Europe South Asia Asia Pacific Americas Middle East Africa BBC Homepage World Service Education

Front Page



UK Politics







Talking Point
On Air
Low Graphics

Wednesday, November 25, 1998 Published at 12:25 GMT


No more flunking on dunking

Working it out: The formula for delicious dunking

BBC News 24 science reporter Natalie Barb: Dunking enhances the flavour
Scientists have finally explained the perfect way to dunk a biscuit.

People have long had to endure lumpy tea when their favourite nibble disintegrates to form a grey sludge at the bottom of the mug.

[ image: Only a scientist could dunk like this]
Only a scientist could dunk like this
Now researchers from the University of Bristol in the west of England have published the mathematical formula that governs the whole process.

Their work is set to revolutionise tea and coffee breaks the world over, especially when a list of recommended dunking times is published.

Taste test

BBC Science Correspondent Pallab Ghosh: Different biscuits have different dunking times
The study reveals precisely why we are drawn to dunking - it seems more of the flavour of the biscuit is released into our mouths if it has first been dunked in a hot drink.

The Bristol team calculate that up to 10 times more flavour is released this way than if the biscuit is eaten dry.

Their two-month investigation has also established the best strategy for dunking chocolate biscuits. The "flat-on" approach requires the nibble to be immersed biscuit side down.

This minimises "chocolate bleed" into the tea or coffee and keeps the coating rigid enough to prevent the biscuit from breaking in half.

[ image: Mini dunk: A single grain of starch swells]
Mini dunk: A single grain of starch swells
The team acknowledge this technique requires a degree of skill on the part of the dunker and have therefore designed a prototype dunking holder to help the less dextrous.

Dr Len Fisher, who led the research, said a biscuit could be viewed as lumps of starch glued together by sugar.

When the hot tea or coffee enters the pores in the biscuit, he explained, the sugar melts and the structure becomes unstable.

"You have got a race between the dissolving of the sugar and your biscuit falling apart and a swelling of the starch grains so that they stick together, giving you a biscuit which is purely starch but rather softer than what you started with," he said.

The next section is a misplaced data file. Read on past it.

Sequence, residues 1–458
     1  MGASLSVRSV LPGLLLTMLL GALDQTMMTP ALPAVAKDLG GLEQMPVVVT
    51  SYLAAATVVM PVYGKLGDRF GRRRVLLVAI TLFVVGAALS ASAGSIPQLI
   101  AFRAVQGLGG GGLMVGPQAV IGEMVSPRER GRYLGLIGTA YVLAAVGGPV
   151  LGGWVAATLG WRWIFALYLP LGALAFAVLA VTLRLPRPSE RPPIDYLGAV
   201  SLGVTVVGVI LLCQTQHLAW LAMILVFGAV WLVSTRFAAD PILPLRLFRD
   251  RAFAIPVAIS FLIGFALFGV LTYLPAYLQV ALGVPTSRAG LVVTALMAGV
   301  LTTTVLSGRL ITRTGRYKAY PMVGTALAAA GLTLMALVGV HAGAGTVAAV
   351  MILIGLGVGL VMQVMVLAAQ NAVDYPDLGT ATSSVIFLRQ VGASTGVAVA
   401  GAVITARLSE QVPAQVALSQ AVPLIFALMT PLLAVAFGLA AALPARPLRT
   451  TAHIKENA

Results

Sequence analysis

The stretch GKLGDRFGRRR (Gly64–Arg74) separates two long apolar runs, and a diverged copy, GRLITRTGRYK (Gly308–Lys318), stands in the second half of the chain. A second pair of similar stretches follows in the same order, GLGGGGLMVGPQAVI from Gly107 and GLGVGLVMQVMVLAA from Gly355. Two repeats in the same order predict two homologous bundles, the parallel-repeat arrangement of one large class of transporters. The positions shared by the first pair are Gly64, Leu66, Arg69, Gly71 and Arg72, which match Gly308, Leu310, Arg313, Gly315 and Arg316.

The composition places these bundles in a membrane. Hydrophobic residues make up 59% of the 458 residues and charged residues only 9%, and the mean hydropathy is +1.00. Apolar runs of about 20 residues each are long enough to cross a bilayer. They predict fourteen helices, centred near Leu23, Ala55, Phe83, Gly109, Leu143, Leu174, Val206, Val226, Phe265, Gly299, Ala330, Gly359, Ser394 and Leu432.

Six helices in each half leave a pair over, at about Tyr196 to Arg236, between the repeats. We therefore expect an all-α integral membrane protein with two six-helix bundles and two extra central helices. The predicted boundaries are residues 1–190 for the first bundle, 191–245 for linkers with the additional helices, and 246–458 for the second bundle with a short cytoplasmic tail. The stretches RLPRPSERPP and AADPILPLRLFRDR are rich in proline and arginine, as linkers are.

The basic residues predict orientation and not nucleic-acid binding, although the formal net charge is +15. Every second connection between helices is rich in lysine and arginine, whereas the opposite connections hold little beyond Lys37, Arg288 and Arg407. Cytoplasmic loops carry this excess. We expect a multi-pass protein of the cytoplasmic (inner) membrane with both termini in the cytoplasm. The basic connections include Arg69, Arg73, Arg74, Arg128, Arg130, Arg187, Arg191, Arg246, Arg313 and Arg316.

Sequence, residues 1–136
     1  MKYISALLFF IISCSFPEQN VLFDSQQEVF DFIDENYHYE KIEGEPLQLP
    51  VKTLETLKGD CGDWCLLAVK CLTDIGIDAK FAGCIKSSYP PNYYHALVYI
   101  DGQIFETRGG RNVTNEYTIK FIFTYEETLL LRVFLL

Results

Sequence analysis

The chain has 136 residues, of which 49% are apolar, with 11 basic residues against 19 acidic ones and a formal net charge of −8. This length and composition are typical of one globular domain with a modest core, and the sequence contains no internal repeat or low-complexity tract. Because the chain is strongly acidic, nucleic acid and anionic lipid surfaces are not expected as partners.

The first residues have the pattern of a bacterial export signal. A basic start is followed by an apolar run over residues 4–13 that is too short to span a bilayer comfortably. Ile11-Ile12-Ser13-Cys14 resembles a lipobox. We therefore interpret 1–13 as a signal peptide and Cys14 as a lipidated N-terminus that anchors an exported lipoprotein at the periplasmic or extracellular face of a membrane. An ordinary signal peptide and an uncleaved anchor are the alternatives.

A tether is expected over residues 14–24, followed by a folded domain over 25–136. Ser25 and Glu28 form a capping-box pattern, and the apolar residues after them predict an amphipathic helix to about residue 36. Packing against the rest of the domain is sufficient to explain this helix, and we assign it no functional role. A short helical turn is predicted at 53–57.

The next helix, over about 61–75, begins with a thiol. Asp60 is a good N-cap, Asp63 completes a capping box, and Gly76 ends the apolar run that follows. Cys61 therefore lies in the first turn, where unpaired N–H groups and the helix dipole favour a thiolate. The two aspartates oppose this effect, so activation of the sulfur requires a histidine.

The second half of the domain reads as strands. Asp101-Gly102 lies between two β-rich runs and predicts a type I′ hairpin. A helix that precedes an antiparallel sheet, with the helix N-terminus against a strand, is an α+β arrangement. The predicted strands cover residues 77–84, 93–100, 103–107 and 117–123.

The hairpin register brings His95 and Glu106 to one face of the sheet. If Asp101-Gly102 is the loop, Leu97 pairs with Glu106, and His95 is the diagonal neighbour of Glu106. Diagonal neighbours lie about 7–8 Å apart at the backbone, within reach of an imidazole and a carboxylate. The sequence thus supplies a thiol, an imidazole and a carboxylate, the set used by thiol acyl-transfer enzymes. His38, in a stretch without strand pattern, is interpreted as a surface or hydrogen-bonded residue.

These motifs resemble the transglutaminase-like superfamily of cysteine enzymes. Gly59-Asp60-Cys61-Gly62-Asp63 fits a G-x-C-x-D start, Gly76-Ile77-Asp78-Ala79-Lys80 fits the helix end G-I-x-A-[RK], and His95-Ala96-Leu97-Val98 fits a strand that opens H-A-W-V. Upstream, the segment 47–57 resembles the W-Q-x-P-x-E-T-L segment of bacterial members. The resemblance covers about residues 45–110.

"As with most things in physics, we can write equations which govern this."

Dunk with confidence

[ image: Len Fisher: Plans more user-friendly information]
Len Fisher: Plans more user-friendly information
In this case, the average pore diameter in a biscuit is equal to four times the viscosity of the tea, multiplied by the height the liquid rises squared, divided by the surface tension of the tea, multiplied by the length of time the biscuit is dunked.

Aware that some people may have problems with their maths, Dr Fisher plans to give people more user-friendly information.

"We are going to define critical times for different types of biscuit," he said.

"We will publish these as a table, you will be able to look them up and you will be able to dunk scientifically with confidence."

[ image: How much can a biscuit take?]
How much can a biscuit take?
Although the research is not complete, Dr Fisher believes the temperature of the tea is also critical.

"I suggest for serious dunkers, take a thermometer with you," he said.

The research has been funded by the biscuit manufacturer McVitie's.

The company says its own research suggests that one-in-four dunks results in soggy biscuit sinking to the bottom of the mug. It may now print advice for consumers on its packaging.

Advanced options | Search tips

Back to top | BBC News Home | BBC Homepage |

Sci/Tech Contents

Internet Links

McVitie's Group

University of Bristol

The BBC is not responsible for the content of external internet sites.

In this section

World's smallest transistor

Scientists join forces to study Arctic ozone

Mathematicians crack big puzzle

From Business
The growing threat of internet fraud

Who watches the pilots?

From Health
Cold 'cure' comes one step closer